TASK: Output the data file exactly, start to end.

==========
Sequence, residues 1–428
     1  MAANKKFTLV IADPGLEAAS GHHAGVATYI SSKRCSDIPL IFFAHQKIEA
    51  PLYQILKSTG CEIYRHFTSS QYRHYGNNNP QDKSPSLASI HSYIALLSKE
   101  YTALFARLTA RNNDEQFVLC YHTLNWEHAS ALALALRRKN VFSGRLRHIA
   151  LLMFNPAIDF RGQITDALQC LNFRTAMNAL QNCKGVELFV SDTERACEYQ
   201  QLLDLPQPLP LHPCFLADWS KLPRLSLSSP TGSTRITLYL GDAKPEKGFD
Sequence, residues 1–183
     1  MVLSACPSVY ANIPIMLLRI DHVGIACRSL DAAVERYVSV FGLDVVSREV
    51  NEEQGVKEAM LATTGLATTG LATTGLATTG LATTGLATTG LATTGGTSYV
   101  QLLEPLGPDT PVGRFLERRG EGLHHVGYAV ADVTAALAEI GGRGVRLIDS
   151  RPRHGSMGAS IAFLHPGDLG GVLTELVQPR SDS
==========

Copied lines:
Sequence, residues 1–428
     1  MAANKKFTLV IADPGLEAAS GHHAGVATYI SSKRCSDIPL IFFAHQKIEA
    51  PLYQILKSTG CEIYRHFTSS QYRHYGNNNP QDKSPSLASI HSYIALLSKE
   101  YTALFARLTA RNNDEQFVLC YHTLNWEHAS ALALALRRKN VFSGRLRHIA
   151  LLMFNPAIDF RGQITDALQC LNFRTAMNAL QNCKGVELFV SDTERACEYQ
   201  QLLDLPQPLP LHPCFLADWS KLPRLSLSSP TGSTRITLYL GDAKPEKGFD
Sequence, residues 1–183
     1  MVLSACPSVY ANIPIMLLRI DHVGIACRSL DAAVERYVSV FGLDVVSREV
    51  NEEQGVKEAM LATTGLATTG LATTGLATTG LATTGLATTG LATTGGTSYV
   101  QLLEPLGPDT PVGRFLERRG EGLHHVGYAV ADVTAALAEI GGRGVRLIDS
   151  RPRHGSMGAS IAFLHPGDLG GVLTELVQPR SDS